Sergio Mims is a screenwriter, film critic and consultant for the
Black Harvest Film Festival. Mims is passionate about the art of
filmmaking and the importance of film festivals to black independent
filmmakers. The Chicagoan shared with rolling out his views on why film festivals continue to be important and what makes Black Harvest so special.
What is the role of black film festivals in 2009?
[Filmmakers don’t] get attention of studios if you don’t show your work
at film festivals. That’s where many independent films get noticed.
Sundance, Cannes, Toronto — studio executives, filmmakers, financiers
go to these festivals looking for films and looking for talent. How
else are they going to know about [them?]
How does the apathy of Hollywood affect black indie filmmakers?
The reason why there are still [so many] independent black films is
because Hollywood isn’t addressing it. People are still saying I don’t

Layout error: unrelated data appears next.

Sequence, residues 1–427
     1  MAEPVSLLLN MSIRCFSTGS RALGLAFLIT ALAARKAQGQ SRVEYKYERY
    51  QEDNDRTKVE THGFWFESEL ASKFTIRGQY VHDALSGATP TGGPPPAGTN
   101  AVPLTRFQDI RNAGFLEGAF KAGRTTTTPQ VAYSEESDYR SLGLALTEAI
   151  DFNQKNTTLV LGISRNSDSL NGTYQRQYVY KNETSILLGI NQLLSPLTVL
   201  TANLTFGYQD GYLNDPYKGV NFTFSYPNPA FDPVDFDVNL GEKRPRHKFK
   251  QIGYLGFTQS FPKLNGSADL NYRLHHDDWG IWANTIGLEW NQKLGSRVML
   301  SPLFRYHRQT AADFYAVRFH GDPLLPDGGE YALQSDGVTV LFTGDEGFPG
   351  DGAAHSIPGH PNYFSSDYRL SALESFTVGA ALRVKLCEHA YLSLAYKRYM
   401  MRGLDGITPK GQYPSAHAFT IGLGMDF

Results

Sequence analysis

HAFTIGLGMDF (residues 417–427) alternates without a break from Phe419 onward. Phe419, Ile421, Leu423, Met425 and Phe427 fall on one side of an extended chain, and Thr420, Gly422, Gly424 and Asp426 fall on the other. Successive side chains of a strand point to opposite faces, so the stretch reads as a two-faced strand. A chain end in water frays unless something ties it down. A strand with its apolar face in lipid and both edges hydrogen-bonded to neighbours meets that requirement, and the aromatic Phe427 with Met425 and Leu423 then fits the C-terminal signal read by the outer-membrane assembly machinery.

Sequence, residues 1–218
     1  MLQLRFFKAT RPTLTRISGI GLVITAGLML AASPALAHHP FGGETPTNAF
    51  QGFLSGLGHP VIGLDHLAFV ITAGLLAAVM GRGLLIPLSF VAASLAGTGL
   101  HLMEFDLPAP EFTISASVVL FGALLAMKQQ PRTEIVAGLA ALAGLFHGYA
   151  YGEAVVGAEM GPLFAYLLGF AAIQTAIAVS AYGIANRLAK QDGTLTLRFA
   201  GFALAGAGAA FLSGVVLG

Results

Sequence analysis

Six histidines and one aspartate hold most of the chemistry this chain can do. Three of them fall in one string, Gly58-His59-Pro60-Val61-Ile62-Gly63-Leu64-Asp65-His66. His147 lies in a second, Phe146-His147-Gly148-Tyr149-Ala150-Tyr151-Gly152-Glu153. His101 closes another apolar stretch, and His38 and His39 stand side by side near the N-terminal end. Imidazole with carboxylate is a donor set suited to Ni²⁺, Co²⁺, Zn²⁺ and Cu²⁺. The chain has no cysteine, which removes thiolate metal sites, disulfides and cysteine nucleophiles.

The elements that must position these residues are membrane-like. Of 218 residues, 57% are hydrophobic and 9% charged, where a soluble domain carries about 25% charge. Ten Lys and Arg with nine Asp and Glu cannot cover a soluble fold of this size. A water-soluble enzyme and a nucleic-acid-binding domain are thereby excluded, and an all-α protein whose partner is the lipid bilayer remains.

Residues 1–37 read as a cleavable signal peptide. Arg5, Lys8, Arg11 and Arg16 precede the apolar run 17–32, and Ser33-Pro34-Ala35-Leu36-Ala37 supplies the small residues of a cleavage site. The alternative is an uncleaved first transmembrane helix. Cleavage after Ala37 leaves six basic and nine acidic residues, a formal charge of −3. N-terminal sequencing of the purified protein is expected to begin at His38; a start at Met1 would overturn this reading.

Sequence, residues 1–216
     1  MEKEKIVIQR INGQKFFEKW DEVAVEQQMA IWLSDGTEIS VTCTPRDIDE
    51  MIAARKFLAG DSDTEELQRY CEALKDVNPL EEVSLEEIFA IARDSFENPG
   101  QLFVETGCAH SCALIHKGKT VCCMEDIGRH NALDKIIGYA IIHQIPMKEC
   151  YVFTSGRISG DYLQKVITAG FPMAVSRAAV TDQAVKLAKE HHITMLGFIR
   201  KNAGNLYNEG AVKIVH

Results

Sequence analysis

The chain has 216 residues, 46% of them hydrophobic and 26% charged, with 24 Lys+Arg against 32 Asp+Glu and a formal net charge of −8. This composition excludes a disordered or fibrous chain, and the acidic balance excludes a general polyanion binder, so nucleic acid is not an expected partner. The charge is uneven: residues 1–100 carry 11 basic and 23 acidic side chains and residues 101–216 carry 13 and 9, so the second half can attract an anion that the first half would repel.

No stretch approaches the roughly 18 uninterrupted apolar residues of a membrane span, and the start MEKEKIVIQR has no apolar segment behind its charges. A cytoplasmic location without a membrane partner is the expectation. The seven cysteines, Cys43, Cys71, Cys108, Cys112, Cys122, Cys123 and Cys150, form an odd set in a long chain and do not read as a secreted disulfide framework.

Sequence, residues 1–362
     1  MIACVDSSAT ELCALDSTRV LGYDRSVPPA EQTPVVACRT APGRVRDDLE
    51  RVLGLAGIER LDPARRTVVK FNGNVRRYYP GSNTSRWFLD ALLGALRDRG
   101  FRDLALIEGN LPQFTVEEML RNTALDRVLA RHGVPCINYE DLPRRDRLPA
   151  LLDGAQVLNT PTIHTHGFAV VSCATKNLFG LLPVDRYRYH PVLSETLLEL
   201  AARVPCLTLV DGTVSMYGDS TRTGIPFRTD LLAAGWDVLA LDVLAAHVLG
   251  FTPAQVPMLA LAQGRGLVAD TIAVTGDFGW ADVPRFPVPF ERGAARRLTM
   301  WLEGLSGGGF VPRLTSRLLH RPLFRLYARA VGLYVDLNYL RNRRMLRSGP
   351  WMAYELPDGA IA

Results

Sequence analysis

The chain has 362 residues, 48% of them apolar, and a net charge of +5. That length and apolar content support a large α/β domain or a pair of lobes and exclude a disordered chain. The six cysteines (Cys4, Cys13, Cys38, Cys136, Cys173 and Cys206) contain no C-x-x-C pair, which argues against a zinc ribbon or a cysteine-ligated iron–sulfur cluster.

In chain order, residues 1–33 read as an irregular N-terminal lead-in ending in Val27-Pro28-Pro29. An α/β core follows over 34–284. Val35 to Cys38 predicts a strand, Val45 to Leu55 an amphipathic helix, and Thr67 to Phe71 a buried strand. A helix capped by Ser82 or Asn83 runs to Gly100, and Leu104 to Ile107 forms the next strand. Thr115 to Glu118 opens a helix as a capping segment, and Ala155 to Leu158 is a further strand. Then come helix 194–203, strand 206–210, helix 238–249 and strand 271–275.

see anything that relates to me that relates to my life — I don’t see
myself on screen. These films have to be seen and audiences want to see
these pictures. It’s up to us to take up the slack. There are a lot of
black films out there, but unfortunately [mainstream] black film today
seems to mean one thing … Tyler Perry.
What sets the Black Harvest Film Festival apart?
I like to brag that we’re picky. There are a lot of black films out
there and there’s not a lot of opportunity for these films to be seen
and studios reject them because they claim there’s no audience for
them. I like to think that we’re more selective and also, Chicago has
very demanding audiences. They don’t tolerate any old crap. We have a
responsibility to that audience. And I [love] saying, ‘here’s a good
movie that can be loved and appreciated.’ That makes me happy. –todd williams